A Discussion With My Daughter About 13 Reasons Why


My daughter’s insights into what our teens and tweens desperately need to hear from us.


Chances are if you have an adolescent, you’ve heard all the buzz around the recent, controversial and most tweeted NETFLIX drama, 13 Reasons Why.


And, despite my reluctance, as a parent coach and mother of a teenager, I felt a responsibility to watch it.


As you probably know, this show deals with our worst fears as parents – bullying, shame, sex, substance abuse, loneliness, depression, isolation, rape, and suicide.


Regardless of the many issues I have about the messages conveyed in the show, I want to take a different approach than the other articles you may have read.


I asked my 17 year old daughter to speak to us. How would she suggest parents talk to their kids about it?



My daughter helped me come up with these 13 messages our teens and tweens desperately need to hear from us.


1. You can express your negative feelings with me.

You can be sad, angry, and disappointed. I don’t ever want you to feel like you have to stuff your emotions down. Hannah talked very little about her feelings. When you stuff your feelings, they become like a cancer – they grow bigger and take over. When you express them they become manageable.


2. I will listen to you without judgement.

I will be a safe place for you to come and share your feelings, concerns, and problems. I will always seek to listen and understand because you matter to me. If I’m not doing a good job I want you to let me know.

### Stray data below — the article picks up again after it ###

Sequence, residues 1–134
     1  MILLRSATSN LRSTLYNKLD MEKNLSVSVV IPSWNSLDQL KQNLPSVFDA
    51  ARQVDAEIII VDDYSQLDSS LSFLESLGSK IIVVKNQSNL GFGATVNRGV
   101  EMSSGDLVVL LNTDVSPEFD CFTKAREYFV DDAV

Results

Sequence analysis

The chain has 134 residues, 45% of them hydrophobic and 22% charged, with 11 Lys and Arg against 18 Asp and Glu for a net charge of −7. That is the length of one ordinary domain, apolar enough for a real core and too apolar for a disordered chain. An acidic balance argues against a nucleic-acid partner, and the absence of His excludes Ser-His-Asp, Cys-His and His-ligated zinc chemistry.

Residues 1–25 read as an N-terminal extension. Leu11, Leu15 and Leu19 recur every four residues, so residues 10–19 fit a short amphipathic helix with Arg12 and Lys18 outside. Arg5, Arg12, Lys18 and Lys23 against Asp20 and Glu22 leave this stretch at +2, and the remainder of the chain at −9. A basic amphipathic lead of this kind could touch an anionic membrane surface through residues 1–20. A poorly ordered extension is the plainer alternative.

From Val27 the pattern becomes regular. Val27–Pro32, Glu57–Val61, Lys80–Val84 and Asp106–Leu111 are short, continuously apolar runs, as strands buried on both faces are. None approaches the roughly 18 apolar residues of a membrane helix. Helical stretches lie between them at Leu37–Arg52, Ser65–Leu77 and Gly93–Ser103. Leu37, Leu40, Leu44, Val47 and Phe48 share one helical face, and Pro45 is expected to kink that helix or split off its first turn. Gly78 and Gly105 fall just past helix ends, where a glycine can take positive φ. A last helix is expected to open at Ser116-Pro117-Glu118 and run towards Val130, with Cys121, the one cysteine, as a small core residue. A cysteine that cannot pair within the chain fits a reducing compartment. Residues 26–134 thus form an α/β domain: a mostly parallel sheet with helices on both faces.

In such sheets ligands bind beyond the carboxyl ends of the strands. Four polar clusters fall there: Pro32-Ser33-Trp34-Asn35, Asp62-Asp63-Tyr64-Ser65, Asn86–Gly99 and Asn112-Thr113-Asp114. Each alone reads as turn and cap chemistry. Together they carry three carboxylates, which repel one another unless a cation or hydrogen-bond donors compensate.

3. I will strive to stay calm when you share something hard to hear.

I promise I will continue to work on being a calm mom and not freaking out. I don’t want you to suffer with something because you felt like you couldn’t tell me or believed I couldn’t handle it. That would break my heart.


4. There is always hope and help to feel better.

You never need to be stuck in a bubble of despair. There are healthy ways to cope with the topics covered in 13 Reasons Why. Most people who have gone through what Hannah did, reach out, get help and go on to lead normal lives. There is always someone who will listen and understand. If you need support or someone to talk to I want you to know it is okay to say, “I need help.” We will figure it out together. There are many treatment options for depression and mental illness.


5. Suicide is never glamorous or effective.

Suicide is a tragedy. It affects everyone. Suicide is not a common response to life’s challenges and never the fault of anyone.

In 13 Reasons Why, Hannah wasn’t there to see the after effects of her death. She didn’t see the devastation she left in her wake or experience the heartbreak of her parents who had so many unanswered questions.

And, the saddest tragedy of all is Hannah didn’t get to experience the healing that was available to her. She missed out on all her life could have been.

Suicide did nothing but destroy a precious life and forever alter the lives of others.


6. You deserve to be treated with respect.

I want you to be empowered and to respect yourself – to know your infinite value and worth. Don’t worry about being liked at the expense of losing yourself. Never tolerate being mistreated. Pay attention to what doesn’t feel good to you and say no. Don’t put yourself in situations that are uncomfortable. Call me and I will come get you or help a friend with no questions asked.


7. It’s okay to disagree with me.

I know that it’s important for you to develop your own sense of self apart from me. You have permission to disagree and share your own thoughts without being criticized. This will help you to stand strong and have confidence in the face of adversity.